Archive | March, 2011

Cabot-Koppers Superfund Site – GTN News Area Residents Are Sick & Tired

17 Mar

Gainesville and county send out Koppers letters

8 Mar

March 8th, 2011 05:00pm

Gainesville and county send out Koppers letters

by Chris Curry

Alachua County and Gainesville city officials have once again done some letter writing on the Cabot-Koppers Superfund site. Following up on the City Commission vote of Feb. 17 and the Tuesday Feb. 22 County Commission vote, letters signed by Gainesville Mayor Craig Lowe and County Commission Chairman Lee Pinkoson were sent off to the U.S. Environmental Protection Agency.

The city also sent a letter to the Gainesville-Alachua County Association of Realtors to reiterate a request (first made in June 2010) that the organization’s members inform potential renters and home buyers looking at the neighborhood adjacent to the former wood treatment plant that there is a federally designated contamination site in the area.

The city also sent off a letter to Property Appraiser Ed Crapo with questions and resident concerns about property values near Cabot-Koppers. The letter asks for information on whether property values have declined because of the proximity to the Koppers site and whether a different methodology should be used to assess values in the area.

Both the city and county letters to the EPA mix some positive feedback and criticism for the remediation plan. The county letter supports the EPA’s intent to use of stricter clean-up standards for toxic dioxin in the soils of off site properties but expresses disappointment in the plan to contain and store contaminated soil on the Koppers property.



  1. Fill the envelopes with Koppers dirt and mail it to their Main Office keep doing it Until all the contamination is at THEIR OFFICE.

    by DW Pepper

  2. i’m glad to see some action on this. That letter to Mr. Crapo that “asks for information on whether property values have declined because of the proximity to the Koppers site and whether a different methodology should be used to assess values in the area” is an excellent idea, one i first heard from candidate James Ingle. i love it when folks get heard; folks like residents, Joe Prager, and Patricia Cline.

    by Zot Lynn Szurgot

  3. Current City Commission candidate Susan Bottcher’s March 31, 2010 letter to the Sun (see below) caused a great deal of upset and anger among city residents whose lives and health have been damaged, in far too many cases beyond repair, by Koppers’ contamination. This letter displays Bottcher’s lack of interest in residents’ genuine distress as well as her ignorance about our local environmental debacle. Families find her complete disregard for their ongoing pain callous and demeaning. Bottcher’s misuse of this life and death issue to rant at “anti-tax groups” belittles our community’s efforts for a meaningful solution. She truly committed a disservice to my suffering neighbors and to everyone working for an effective cleanup- a twist of the knife for no good reason.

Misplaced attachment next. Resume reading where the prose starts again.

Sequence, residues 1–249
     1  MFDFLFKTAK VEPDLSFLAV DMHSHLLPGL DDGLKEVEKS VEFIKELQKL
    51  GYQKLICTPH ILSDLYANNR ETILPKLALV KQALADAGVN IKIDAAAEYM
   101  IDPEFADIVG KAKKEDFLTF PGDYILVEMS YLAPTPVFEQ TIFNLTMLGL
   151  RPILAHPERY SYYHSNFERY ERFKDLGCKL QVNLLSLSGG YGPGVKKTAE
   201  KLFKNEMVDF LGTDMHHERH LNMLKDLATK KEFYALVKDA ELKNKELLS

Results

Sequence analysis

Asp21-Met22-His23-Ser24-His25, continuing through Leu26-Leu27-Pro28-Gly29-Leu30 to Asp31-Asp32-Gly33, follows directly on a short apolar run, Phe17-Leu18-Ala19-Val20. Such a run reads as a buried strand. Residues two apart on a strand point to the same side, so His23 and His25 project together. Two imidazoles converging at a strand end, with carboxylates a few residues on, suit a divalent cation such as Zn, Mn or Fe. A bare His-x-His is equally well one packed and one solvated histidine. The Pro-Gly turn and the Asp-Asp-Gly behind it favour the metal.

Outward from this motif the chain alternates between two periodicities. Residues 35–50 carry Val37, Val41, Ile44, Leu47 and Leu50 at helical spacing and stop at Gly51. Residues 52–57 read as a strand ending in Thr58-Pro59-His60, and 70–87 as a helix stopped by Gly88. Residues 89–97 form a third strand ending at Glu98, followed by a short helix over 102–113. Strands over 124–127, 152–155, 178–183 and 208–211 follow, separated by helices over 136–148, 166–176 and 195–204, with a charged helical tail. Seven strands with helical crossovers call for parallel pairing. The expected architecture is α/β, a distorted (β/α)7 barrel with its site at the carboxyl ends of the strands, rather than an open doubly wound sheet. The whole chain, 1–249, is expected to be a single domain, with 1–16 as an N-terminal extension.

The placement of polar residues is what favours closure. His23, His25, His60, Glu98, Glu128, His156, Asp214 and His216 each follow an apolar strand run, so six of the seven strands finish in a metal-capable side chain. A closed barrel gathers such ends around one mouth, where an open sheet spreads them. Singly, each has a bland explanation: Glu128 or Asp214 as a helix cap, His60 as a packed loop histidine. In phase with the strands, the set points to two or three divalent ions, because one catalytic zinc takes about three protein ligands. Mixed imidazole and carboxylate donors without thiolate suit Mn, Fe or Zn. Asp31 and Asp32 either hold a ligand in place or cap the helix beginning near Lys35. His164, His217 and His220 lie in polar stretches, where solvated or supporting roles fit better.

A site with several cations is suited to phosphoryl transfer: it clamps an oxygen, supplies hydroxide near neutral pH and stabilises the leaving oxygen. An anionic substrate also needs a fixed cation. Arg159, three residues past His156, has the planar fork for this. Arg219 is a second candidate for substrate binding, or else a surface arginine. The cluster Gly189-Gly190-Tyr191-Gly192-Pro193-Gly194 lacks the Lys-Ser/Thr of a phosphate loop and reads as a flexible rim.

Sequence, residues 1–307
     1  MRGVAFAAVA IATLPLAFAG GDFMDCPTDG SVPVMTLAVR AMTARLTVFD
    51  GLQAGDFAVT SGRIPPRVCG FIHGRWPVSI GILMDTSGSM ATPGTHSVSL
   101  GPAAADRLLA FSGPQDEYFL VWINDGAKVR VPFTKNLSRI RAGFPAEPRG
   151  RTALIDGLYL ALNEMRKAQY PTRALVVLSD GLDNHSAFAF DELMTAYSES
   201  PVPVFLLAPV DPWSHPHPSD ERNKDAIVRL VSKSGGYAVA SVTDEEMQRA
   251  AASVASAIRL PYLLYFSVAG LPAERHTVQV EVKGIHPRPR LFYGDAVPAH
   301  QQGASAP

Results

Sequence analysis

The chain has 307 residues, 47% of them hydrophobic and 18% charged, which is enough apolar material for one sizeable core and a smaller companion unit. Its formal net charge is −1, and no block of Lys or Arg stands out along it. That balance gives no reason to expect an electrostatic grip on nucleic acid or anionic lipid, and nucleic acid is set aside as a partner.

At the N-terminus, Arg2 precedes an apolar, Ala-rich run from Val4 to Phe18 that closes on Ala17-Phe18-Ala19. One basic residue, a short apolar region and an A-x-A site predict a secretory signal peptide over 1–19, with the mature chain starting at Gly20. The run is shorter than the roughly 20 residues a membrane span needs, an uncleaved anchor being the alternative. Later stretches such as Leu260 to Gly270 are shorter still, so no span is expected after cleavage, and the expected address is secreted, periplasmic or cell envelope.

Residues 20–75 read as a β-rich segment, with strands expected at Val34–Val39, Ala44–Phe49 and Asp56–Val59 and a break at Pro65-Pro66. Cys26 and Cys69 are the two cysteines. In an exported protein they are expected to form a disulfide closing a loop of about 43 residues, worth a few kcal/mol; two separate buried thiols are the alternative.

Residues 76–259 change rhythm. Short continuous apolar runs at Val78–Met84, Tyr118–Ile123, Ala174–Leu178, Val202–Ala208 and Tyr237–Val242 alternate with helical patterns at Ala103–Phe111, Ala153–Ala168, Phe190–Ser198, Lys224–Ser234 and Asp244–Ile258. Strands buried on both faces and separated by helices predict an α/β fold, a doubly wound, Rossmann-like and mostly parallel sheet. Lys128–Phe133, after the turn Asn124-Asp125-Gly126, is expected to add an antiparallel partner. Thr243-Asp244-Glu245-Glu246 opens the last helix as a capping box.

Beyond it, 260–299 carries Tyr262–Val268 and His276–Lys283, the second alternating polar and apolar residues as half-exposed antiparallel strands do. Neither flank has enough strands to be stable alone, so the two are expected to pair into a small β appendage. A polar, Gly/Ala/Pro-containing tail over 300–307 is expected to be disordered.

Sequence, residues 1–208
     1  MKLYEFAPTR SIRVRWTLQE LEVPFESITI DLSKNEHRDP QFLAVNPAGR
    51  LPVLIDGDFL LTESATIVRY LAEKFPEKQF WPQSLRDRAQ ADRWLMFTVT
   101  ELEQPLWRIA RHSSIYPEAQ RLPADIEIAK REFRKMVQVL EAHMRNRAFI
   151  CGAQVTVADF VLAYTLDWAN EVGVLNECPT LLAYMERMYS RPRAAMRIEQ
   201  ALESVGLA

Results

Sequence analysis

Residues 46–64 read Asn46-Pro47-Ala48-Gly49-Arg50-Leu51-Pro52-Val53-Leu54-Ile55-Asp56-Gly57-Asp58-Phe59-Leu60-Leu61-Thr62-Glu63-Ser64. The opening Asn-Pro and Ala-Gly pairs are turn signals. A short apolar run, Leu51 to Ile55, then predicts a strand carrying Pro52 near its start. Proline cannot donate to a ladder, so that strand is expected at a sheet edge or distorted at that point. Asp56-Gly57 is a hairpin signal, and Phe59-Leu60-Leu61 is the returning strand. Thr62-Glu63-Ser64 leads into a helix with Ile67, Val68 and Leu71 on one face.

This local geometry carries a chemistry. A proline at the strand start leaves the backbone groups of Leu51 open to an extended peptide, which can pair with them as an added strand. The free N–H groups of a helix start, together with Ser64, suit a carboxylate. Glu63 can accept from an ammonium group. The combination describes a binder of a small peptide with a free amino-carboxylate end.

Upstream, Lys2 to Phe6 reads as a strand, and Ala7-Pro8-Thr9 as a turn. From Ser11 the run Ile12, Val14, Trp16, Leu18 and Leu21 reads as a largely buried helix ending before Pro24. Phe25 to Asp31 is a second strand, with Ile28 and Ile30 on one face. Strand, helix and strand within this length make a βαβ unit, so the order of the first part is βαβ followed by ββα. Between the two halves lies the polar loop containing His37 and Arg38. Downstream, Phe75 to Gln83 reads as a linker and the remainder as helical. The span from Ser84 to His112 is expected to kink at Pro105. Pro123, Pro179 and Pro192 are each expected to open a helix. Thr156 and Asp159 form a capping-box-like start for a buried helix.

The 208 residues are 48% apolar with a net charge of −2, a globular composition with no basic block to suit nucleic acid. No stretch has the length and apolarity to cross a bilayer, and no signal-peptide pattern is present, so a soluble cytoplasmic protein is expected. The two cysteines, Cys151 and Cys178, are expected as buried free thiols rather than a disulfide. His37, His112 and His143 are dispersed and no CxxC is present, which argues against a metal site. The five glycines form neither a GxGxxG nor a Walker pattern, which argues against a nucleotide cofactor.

Further, Bottcher submitted this letter to the editor during last spring’s mayoral race without disclosing her role as a state committeewoman for the Alachua County Democratic Executive Committee and a political communications associate for a local group providing campaign assistance for “progressive” candidates. This calculated omission was certainly unethical.
    Finally, her suggestion that citizens do not have a right to speak out when they disagree with City Commission decisions is a serious cause for concern, a likely indication that Bottcher does not really respect the democratic process. Here’s the letter in question, courtesy of the Sun archives:

    “Pay taxes or clean up” Susan Bottcher 03/31/2010
    Recently, blame has been placed on the City Commission that Koppers Superfund site hasn’t been cleaned up. Critics say our elected city officials could clean up this 27-year-old mess, but chose not to do so.
    In reality, the federal and state environmental protection agencies are the entities responsible for allocating resources needed to clean up Superfund sites.
    Most of the environmental protection agencies’ inertia is due to the success of the conservative agenda to shrink government to ever smaller and impotent proportions. Through the loosening of environmental regulations and continuous lowering of taxes, they have succeeded in stopping government agencies from doing their jobs.
    For anti-tax groups to then blame government for not solving such community problems is hypocritical. If cleaning up the toxic mess left by private industry is government’s job, then stop pointing fingers. Either gladly pay your taxes or get out there with a shovel and clean up Koppers yourself.
    Susan Bottcher,

    by Sandra Watts Kennedy